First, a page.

There are a couple of other ways to look at this too. A block of wood is simple, a block of wood has no preferences, a block does not calculate it’s advantages. A block of wood can be an image of innocence, and of embracing the unknown.
The process of carving a block changes our nature as human beings. It changes the carver. Carving is a skill which requires particularly fine motor control, and a very specific sense of three dimensional mental imaging. It is a sort of trance. A sharpened focus. It creates patterns of conditioning in our bodies and habits of mind.
Thus, the concept/anti-concept of wuwei is not a method. It is a challenge to the type of thinking which looks at everything as a method.
Yes, this type of method might be better than that one. But methods are just vehicles for transforming a vision into an experience--a result...in process. A method always comes from something, like an uncarved block, and always gets discarded in the end. Making and measuring is an aggressive mind-set which easily causes us to loose sight of the bigger picture.
Internal martial arts can be understood as a vehicle for discarding methods.
I’ve been reading Tabby Cat’s blog irregularly and I noticed that he has been ranting against any other blog which describes or promotes a method which involves alignment, structure, or anatomical and physiological analysis. He even dismissed my reluctant post on the three big muscle groups, and hinted that I might be an Posture Nazi. What is this all about? It seems our little Tabby wants to be like the uncarved block but just can’t seem to pull it off.
His Taijiquan tradition is all gush, gush about Ben Lo, and gushy, gushy about Ben’s teacher Chen Man-Ching (the "Professor"), and, of course, ultra gushy wushy about Chen’s teacher, Yang Chenfu. All that gushing is a form of Shamanism. I define Shamanism as: Making contracts or alliances with powerful unseen entities in the hope that one will acquire that entity’s powers. A word to the wise, do not get in the way of other people’s contracts with unseen forces.
In that school there isn’t much teaching. There isn’t much attempt to create methods which will help people develop. There is an emphasis on relaxing. Do the form a lot, get the postures just the way you’re told, with out explication or modification. If you lose a bout of push-hands to a senior student, it is because you aren’t relaxed enough. Now, honestly, there is nothing wrong with discarding methods. --Remember the uncarved block!
Taijiquan really can be practiced as a revealing of our true nature without any inquiry or experiment. Heck, who needs the form? Who needs a teacher? Just stop carving! Stop making and measuring, stop calculating and stop seeing everything as a method! I concur!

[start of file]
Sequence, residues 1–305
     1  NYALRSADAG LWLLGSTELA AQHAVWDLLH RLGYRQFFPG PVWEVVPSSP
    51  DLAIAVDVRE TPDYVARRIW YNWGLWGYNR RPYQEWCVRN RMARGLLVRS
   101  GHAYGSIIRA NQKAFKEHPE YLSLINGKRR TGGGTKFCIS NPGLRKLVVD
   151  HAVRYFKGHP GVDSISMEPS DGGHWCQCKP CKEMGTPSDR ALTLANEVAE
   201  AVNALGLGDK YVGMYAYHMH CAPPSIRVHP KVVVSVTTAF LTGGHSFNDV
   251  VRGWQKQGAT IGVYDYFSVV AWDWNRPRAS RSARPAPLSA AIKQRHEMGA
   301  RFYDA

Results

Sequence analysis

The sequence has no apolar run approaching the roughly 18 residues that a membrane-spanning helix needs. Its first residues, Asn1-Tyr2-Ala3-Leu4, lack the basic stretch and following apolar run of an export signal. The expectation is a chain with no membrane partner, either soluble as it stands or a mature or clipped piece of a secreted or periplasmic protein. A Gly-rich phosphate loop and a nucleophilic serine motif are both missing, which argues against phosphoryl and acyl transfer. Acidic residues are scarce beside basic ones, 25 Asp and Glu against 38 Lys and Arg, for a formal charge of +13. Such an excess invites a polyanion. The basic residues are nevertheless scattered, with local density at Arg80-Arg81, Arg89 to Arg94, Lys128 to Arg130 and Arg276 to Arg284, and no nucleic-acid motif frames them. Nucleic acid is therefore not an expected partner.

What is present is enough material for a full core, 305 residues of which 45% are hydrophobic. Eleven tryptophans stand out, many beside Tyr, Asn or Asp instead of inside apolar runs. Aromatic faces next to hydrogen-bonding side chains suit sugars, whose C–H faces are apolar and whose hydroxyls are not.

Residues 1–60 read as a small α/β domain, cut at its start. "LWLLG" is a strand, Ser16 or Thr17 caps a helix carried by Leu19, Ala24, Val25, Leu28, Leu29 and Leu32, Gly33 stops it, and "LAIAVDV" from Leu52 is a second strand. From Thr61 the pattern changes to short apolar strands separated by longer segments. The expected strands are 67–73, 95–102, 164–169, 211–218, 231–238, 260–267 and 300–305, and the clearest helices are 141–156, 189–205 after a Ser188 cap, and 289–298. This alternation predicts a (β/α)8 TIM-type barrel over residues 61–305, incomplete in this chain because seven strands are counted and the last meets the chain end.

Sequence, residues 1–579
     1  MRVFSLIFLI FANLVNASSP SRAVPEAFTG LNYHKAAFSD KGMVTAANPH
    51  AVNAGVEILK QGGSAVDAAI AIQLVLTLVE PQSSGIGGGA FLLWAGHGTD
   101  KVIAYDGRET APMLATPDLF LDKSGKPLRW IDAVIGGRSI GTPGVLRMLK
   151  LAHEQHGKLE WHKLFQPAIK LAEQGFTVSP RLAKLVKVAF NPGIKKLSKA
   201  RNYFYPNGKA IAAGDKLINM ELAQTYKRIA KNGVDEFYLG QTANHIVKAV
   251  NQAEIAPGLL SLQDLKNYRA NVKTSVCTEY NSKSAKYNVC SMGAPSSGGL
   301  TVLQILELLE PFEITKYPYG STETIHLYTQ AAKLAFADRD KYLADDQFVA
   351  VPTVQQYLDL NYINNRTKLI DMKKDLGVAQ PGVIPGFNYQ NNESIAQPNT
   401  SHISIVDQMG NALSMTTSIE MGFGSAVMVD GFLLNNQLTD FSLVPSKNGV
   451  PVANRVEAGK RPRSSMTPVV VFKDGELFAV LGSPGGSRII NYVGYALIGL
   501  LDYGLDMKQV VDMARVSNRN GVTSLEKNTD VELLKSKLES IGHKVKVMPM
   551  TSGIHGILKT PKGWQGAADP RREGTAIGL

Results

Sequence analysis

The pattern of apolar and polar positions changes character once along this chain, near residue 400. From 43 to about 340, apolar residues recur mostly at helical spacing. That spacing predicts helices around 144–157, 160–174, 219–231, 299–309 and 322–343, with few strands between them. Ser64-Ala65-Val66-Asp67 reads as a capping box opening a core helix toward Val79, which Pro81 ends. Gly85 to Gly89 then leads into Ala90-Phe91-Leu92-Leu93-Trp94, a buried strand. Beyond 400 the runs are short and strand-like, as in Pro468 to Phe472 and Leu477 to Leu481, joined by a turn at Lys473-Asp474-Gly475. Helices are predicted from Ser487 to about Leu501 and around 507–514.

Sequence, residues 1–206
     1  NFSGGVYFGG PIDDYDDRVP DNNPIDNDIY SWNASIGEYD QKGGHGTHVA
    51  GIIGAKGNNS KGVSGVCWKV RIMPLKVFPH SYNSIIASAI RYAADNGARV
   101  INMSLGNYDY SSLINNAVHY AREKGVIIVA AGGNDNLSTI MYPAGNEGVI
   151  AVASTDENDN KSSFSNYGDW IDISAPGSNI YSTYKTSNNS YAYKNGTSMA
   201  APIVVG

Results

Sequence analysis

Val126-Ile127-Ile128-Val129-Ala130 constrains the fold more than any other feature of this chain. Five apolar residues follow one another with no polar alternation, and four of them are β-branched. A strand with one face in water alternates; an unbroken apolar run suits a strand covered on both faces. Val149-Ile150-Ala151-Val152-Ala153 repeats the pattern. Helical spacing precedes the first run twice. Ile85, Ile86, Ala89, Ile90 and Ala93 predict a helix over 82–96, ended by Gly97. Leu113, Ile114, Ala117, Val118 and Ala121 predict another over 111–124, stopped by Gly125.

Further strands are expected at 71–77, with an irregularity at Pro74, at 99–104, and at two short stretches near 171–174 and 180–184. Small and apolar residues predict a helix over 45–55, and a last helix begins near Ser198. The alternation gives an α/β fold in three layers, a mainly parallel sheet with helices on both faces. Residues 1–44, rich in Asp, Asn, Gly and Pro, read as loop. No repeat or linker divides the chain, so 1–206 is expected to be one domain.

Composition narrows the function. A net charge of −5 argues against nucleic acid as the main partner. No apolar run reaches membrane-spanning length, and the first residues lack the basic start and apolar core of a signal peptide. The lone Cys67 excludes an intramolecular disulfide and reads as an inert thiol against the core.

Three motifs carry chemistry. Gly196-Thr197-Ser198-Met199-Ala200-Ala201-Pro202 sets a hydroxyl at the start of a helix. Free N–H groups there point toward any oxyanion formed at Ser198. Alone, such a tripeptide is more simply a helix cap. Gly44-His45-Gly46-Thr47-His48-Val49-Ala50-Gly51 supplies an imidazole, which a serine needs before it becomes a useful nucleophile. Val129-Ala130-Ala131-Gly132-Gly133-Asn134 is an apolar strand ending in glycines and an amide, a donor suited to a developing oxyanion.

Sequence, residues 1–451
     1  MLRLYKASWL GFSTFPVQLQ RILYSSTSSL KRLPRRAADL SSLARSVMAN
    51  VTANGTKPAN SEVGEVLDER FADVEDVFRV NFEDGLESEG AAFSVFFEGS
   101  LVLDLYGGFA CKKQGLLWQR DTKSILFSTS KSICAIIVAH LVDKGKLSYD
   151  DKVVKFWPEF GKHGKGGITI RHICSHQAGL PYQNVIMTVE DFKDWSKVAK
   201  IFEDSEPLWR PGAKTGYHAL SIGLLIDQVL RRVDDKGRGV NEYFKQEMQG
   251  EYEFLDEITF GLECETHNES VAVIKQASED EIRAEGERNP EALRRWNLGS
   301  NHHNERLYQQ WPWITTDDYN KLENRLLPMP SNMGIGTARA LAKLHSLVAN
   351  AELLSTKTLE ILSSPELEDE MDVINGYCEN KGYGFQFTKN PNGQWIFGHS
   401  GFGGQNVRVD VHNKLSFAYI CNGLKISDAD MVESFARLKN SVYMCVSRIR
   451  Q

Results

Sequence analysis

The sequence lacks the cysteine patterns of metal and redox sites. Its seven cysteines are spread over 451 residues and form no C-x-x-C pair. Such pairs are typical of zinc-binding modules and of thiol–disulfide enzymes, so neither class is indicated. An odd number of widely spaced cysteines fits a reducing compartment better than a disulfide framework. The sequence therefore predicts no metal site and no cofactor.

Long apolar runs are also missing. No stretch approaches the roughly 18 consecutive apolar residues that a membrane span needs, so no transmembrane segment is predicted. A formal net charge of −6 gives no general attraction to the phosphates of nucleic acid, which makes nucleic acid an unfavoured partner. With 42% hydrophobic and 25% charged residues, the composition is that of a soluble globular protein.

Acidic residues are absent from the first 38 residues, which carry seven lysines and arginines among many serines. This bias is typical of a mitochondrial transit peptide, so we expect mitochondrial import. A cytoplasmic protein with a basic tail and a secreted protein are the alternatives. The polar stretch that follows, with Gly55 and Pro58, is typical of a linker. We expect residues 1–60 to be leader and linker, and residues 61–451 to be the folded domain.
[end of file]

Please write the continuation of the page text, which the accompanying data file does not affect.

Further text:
Readers may be thinking, oh, yeah, I could move to a cabin in the Montana wilderness and live a life of quietude and leisure and then my every movement would become Taijiquan, right? Maybe. Maybe not. If it isn’t working for you right here, it isn’t all that likely to work for you out there either. But so what? Wuwei is the idea that a return to simplicity is always an option. Always a possibility. Everywhere. Always.
The moment I start writing a blog post, or you start reading one, the danger that we will lose sight of wuwei increases. Because reading and writing is a form of carving. The moment we put pen to paper we risk crossing over into the land of methods.
Does embracing a method mean we have lost sight of wuwei? Maybe, maybe not. This is one of the essential questions the Daodejing asks. Some people have translated Dao-De-Jing as "The Classic of the Way and It’s Power” (Dao=way, De=power, Jing=text) meaning that it is a book of ultimate methods. But Dao and De resist definition. We could say there are Dao style methodless-methods, and De style methods which perfect us back toward simplicity. The two together are one, Daode.
Our true nature is without limits. Sometimes we go into survival mode and make contracts with the unseen world in hope of getting an advantage, a leg up, or accumulating power (Shamanism). Other times we are content to explore, inquire, and experiment--wandering at ease (De). And sometimes we find ourselves without an agenda at all (Dao). These three categories of human experience, Shamanism, De, and Dao, are practiced to some extent by all humans.
If Tabby Cat ever stops scratching his post and decides to come down from his anonymity and share a bowl of milk with me--we might find ourselves together with no agenda. (Yes, I’m offering!) He certainly makes a habit in his blog of purring in the direction of methodless-methods: “Just Rrrrrelax, it’s just Mmmmind, nothing but Eeeeenergy.” But then he hits himself with his own bludgeon. He goes to Ashtanga Yoga for alignment, and thinks Boxing is the perfect method for learning to hit. Au contraire my fair kitty, I surmise from this that he has become trapped in a method. He believes that Taijiquan works through using sensitivity to find an opponent’s weakness and channeling energy/power effortlessly up from the ground to uproot his opponent. This is a perfect description of a water woman reverting to an ice woman. This would also explain why he thinks he can’t hit someone using Taijiquan. At that level he gets some power from weakness, but using sensitivity for power and advantage is a form of aggression which will block further fruition. Power (jin) and energy (qi) have limits, weakness has none.